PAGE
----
The workforce was generally pleased about the adjustment, according to two ByteDance employees who asked for anonymity because they are not allowed to speak to media. One of them described the bimonthly review cycle as being “too fast”, which typically resulted in “tough goals” to achieve.

ByteDance has decided to make a change because it “does not need to maintain as much control” after “evolving from an early- to mid-stage start-up into a mature, pre-IPO company”, said Cameron Johnson, an adjunct faculty instructor at New York University and a partner at Shanghai-based Tidal Wave Solutions.

“Now that the business is bigger and evolving, the change gives managers and teams more time to focus on the goals at hand,” said Johnson, adding that a quarterly review should “encourage employees to stretch themselves and take a longer-term view of the business”.

The move to implement quarterly OKR reviews reflects how ByteDance is keen to sharpen its operational adjustments amid recent reorganisation efforts.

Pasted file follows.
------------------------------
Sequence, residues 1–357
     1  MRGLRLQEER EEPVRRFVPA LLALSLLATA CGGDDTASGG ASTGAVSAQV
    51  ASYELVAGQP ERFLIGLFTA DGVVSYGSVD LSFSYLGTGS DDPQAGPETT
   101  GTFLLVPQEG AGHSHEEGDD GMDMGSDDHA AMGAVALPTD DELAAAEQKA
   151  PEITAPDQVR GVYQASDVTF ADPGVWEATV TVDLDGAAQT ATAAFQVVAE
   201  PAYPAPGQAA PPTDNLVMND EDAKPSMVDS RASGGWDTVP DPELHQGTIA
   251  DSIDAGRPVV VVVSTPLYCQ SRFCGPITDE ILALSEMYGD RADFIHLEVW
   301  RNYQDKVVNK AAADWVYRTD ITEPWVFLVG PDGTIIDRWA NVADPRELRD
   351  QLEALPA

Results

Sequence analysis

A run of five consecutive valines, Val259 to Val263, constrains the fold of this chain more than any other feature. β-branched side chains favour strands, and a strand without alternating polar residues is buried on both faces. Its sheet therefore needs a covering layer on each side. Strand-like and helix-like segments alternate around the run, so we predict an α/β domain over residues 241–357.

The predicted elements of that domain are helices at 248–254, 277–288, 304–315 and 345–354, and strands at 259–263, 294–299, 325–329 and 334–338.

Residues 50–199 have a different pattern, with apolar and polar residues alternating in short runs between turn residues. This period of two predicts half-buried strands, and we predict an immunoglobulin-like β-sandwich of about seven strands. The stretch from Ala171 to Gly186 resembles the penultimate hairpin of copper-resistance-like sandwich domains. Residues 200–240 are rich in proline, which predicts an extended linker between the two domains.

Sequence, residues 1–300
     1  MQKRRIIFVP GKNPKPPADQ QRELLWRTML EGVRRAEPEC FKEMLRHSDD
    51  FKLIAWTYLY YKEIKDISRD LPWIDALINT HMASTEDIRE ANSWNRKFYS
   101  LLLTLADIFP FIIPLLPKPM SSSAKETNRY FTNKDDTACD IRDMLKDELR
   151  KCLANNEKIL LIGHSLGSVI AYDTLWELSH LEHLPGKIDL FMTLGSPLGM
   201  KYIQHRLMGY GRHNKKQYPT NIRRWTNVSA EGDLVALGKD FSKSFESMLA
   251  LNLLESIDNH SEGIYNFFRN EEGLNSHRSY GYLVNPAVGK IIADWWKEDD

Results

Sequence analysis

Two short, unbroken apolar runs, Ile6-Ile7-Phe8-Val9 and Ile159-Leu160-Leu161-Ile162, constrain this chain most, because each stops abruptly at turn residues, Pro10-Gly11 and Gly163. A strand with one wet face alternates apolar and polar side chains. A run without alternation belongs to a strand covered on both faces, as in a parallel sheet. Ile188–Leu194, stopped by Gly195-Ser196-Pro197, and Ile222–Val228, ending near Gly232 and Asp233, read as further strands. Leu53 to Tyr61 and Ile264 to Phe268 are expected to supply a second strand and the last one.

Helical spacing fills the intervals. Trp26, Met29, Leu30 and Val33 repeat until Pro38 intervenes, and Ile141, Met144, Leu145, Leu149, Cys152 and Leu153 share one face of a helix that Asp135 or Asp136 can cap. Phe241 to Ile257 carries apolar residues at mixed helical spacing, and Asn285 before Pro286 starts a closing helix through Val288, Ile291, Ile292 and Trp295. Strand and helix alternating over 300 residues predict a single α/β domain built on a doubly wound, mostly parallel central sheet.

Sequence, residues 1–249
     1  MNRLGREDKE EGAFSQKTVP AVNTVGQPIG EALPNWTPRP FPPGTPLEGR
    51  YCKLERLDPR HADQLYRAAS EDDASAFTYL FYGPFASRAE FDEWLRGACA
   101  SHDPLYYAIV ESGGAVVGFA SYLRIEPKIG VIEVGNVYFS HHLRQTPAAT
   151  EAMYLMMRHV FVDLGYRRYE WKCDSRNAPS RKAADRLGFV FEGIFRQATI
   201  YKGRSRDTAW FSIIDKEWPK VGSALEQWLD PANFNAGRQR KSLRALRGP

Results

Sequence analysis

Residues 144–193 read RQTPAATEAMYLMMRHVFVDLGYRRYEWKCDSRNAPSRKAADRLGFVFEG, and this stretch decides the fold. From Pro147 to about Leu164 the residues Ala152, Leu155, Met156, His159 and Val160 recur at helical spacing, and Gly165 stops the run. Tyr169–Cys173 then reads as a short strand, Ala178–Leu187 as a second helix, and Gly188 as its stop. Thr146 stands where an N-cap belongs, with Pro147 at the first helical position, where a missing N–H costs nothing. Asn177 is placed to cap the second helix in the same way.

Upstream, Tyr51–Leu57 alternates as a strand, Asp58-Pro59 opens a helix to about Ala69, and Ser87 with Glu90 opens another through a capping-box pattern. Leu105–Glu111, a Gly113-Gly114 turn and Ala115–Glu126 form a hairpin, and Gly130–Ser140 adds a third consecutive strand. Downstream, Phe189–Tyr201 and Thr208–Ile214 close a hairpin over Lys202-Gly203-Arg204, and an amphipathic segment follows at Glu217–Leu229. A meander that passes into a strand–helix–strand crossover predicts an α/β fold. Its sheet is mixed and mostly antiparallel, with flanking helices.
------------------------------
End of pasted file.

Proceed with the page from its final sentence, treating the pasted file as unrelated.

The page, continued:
ByteDance boss Liang told employees in December that the company needs to “get fit”, as it streamlines operations. That remark was made months after chief financial officer Julie Gao said the company had no plans to go public.

The firm asked its nearly 100,000 employees to start following a “1075” schedule – 10am to 7pm, five days a week – representing a potentially life-changing move to many in China’s internet industry who have grown accustomed to toiling into the late night and weekends.

The new OKR review schedule also comes at a time when ByteDance continues to make inroads into new markets.

ByteDance-owned Douyin, the Chinese version of hit global short video service TikTok, has been making aggressive moves in various segments of the on-demand e-commerce services sector that is dominated by Meituan.